The Science Behind Problematic Pink Snow

Andrew | | BrainsBrains
Pink snow on the Snowbird Glacier in Alaska – PC: Paxson Woelber

An annual summertime sight in alpine environments, pink snow, also known as watermelon snow, often lingers on late-season snowpack and glaciers worldwide. Though it may be appealing to try and take a bite of the brightly colored snow, it may forecast a more sinister warning about our warming environment.

The bacterial phenomenon behind pink snow helps to accelerate the melting of glaciers and seasonal snowpack. The unique color of the snow is actually caused by a species of green algae, Chlamydomonas nivalis, that thrives in the cold and wet environment of glaciers. After laying dormant during the winter, these algae release pink pigment as a protective barrier against the sun throughout the summer snowmelt the same way that humans use sunscreen.

Pink Snow
Pink snow on Mount Ritter in California – PC: USFS, Paul Wade

The pink color of the pigment released by the algae causes snow to become less reflective than its pure white counterpart, making it absorb more heat from the sun and melt quicker. More snowmelt provides the algae with more water to grow in. And so the cycle continues; more algae make more pigment which causes faster snowmelt and even more algae. The impacts of this cycle have been investigated in a recent scientific study of arctic glaciers, which concluded that the pigment-producing algae could accelerate snowmelt by up to 13%!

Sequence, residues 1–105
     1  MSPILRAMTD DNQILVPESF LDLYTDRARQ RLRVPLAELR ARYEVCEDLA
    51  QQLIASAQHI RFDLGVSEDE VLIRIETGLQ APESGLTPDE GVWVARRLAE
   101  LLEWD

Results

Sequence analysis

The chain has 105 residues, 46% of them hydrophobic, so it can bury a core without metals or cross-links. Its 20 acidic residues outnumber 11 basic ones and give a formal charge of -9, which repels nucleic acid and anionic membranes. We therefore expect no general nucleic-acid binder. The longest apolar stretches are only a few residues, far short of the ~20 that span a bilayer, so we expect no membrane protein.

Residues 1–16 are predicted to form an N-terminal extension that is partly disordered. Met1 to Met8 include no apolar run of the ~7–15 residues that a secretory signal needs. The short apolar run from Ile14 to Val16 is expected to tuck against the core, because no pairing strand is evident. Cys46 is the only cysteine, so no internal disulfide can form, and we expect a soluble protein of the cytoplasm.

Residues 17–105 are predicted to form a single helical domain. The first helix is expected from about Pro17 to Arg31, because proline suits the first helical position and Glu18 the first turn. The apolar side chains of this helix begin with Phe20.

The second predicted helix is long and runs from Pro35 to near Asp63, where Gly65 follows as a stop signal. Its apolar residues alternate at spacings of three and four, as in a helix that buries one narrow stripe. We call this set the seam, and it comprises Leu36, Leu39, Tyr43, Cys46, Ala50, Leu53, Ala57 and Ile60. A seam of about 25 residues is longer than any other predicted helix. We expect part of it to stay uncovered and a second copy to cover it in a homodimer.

We estimated that the overall decrease in snow albedo by red pigmented snow algal blooms over the course of one melt season can be 13%. This will invariably result in higher melt rates

– Nature Communications Journal

With the impacts of pink snow being made clear, scientists are beginning to conduct widespread research into the algae behind it all. One such initiative, the Living Snow Project, is working to mobilize citizens to observe and take samples of pink snow to collect more data about the distribution and diversity of the algae. If you live near the Cascades of Washington, or the Sierras in California, you could even volunteer with the project and help scientists better understand the algae spread.

Pink Snow Sample
Scientist Dr. Rachel Mallon with a vial of pink snow – PC: Living Snow Project

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